Creating a Safe Haven for the Endangered Pickersgill’s Reed Frog
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Kloof Frog. Photo by EWT
Totaling 800 acres, two Key Biodiversity Areas in eastern South Africa host numerous species of birds, amphibians and reptiles, and encompass three highly threatened ecosystems. Importantly, these two sites form part of the last stronghold for the Endangered Pickersgill’s Reed Frog and the KwaZulu Dwarf Chameleon. The reed frog is currently protected at only two of its known sites while 80 percent of the population falls outside of official protected areas. For the species’ survival, it is critical that its range becomes secured.
Rainforest Trust is working with local partner Endangered Wildlife Trust (EWT) to help protect key wetlands in the KwaZulu-Natal Province of South Africa that are priorities for both water catchment functions and species such as the Pickersgill’s Reed Frog. The creation of Adam’s Mission Wetland Nature Reserve and Isipingo Wetland Environmental Conservation Reserve through land acquisition and Biodiversity Stewardship Programs are two strong examples of how conservation organizations can work with local communities and stakeholders to protect indispensable sites for biodiversity and human wellbeing in the urban environment.
Kloof Frog eggs. Photo by EWT
These two proposed target sites are globally important locations for amphibians and reptiles, including the Endangered Pickersgill’s Reed Frog and Endangered Kloof Frog. Small and secretive, Pickersgill’s Reed Frogs spend the majority of their days blending into the vegetation at the base of reeds, and the agile Kloof Frog is able to move effectively over vertical rock surfaces and fast-flowing streams because of adhesive toe-tips. The Adam’s Mission site is the only area in which these two frog species are known to co-occur within such close proximity.
Additionally, the KwaZulu Dwarf Chameleon is found in the Isipingo site and may even occur in the Adam’s Mission area. This chameleon ranges in color from dark brown to pale tan and inhabits vegetation such as high grasses, trees and urban gardens. The eThekwini Municipal Area is also home to more than 7,000 species of vascular plants, 25 percent of which are endemic.
Agriculture. Photo by Christopher Griner/flickr
Currently, neither site has official protection of any kind. The biggest threat to the Adam’s Mission area is proposed housing developments, which in some cases could encroach into the wetland boundary and directly threaten critical habitat. The proximity of housing also threatens the area with the potential invasion of nonnative vegetation. For the Isipingo site, there is a high risk of contamination through waste and pollution, as well as encroachment of the wetland area for subsistence agriculture.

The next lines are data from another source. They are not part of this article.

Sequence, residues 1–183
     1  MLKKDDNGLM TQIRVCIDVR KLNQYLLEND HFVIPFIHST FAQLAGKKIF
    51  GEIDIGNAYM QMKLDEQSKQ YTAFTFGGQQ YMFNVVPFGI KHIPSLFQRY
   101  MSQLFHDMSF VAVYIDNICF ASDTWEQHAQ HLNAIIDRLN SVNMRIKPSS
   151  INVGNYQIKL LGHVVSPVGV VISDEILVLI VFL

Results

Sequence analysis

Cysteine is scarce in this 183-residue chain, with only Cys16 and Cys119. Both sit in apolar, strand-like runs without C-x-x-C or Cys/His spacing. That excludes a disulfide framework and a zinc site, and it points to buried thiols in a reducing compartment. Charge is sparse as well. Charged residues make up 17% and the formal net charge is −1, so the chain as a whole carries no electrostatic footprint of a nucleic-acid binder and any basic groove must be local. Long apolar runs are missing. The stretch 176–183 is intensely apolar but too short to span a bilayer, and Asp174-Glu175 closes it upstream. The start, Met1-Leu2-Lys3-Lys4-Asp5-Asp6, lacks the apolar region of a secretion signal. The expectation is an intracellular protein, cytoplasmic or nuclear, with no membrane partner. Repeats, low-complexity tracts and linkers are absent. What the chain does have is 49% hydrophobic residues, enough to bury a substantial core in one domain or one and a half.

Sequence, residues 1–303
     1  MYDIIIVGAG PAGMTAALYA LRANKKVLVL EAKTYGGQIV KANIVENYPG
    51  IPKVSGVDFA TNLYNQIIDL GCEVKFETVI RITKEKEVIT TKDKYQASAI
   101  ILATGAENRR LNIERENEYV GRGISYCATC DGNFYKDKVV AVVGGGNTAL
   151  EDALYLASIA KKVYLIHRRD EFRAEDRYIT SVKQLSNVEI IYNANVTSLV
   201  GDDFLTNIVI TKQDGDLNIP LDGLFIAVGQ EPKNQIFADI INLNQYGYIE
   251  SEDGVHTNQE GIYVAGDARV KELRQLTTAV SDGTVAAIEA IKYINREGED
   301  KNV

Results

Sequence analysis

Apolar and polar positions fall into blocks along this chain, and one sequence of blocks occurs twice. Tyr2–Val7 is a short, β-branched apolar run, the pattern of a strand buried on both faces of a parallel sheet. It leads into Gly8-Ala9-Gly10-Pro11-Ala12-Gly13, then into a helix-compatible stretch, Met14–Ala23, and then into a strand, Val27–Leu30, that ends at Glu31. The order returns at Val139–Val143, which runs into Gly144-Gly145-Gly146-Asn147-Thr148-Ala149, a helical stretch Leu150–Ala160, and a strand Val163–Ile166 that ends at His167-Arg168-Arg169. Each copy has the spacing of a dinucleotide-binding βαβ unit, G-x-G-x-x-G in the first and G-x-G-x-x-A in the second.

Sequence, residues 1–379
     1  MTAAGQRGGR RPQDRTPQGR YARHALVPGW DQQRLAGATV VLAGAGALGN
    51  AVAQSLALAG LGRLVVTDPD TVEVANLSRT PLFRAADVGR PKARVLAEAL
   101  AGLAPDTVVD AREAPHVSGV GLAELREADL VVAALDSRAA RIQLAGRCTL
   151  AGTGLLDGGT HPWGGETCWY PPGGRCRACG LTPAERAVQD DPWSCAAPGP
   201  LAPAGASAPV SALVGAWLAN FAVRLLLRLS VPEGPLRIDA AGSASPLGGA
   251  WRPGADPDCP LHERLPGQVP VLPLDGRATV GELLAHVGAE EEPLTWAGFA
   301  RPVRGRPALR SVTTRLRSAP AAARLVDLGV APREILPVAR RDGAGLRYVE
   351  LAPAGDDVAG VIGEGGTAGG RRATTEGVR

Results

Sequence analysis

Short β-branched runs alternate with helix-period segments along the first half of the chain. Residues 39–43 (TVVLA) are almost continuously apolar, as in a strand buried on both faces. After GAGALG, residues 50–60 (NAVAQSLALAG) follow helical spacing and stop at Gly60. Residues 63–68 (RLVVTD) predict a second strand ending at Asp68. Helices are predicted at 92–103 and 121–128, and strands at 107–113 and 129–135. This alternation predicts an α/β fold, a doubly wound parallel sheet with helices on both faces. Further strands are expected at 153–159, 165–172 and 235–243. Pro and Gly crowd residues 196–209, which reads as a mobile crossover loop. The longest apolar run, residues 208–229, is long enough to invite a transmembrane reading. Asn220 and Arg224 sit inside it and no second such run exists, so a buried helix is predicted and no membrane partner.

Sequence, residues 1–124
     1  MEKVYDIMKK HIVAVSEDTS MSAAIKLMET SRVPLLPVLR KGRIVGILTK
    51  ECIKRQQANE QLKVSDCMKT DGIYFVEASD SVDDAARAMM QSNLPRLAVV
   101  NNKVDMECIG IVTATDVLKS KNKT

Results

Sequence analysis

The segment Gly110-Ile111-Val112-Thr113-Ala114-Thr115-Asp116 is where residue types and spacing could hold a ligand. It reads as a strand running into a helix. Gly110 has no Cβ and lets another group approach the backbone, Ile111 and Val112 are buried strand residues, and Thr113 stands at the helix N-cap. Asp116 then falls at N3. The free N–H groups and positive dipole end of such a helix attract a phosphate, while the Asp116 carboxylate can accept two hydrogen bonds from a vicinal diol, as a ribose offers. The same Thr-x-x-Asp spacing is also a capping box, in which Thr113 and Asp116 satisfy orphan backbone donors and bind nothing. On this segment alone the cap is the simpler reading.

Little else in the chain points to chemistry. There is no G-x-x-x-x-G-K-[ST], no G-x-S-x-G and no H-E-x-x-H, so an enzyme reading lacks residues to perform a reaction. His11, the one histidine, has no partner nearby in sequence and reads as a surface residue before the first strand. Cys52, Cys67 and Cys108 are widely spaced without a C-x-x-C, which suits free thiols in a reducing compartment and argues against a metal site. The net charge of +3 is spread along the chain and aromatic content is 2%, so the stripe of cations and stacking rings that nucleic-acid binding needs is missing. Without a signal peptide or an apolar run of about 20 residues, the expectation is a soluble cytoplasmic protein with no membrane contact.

Local community members. Photo by EWT.
Surrounding the Adam’s Mission site is a population of approximately 9,800 people. This area is governed by tribal leaders through traditional authority, and EWT has established relationships with community leaders who have expressed a strong interest in protecting the wetlands. In addition to their biodiversity value and protection against flooding, the wetlands play an important role in spiritual rituals for the local community. Through agreements negotiated with the local community, this area will be protected through a Biodiversity Stewardship Program. There is also potential for the development of ecotourism and training of local biodiversity guides from the community, which will contribute to sustainable livelihoods.
The more urbanized Isipingo wetland priority area is adjacent to a community of approximately 19,520 people. EWT is working in the area to establish relationships with local councilors and community members, and has conservation agreements with local subsistence gardeners to prevent any further encroachment into the wetlands.
EWT team. Photo by EWT
Rainforest Trust and EWT are working to immediately acquire the most important areas through land purchases to establish Adam’s Mission Wetland Nature Reserve and Isipingo Wetland Environmental Conservation Reserve. In addition, EWT will work with local entities to protect the areas through a Biodiversity Stewardship Program, which recognizes landowners and communities as the custodians of the habitats and ecosystems of their own lands. All land acquisition and Biodiversity Stewardship Program areas will be added into the Durban Municipal Open Space System (D’MOSS). This Biodiversity Stewardship Program will be a prime example of how governments, communities and non-governmental organizations can come together to address complex threats to biodiversity.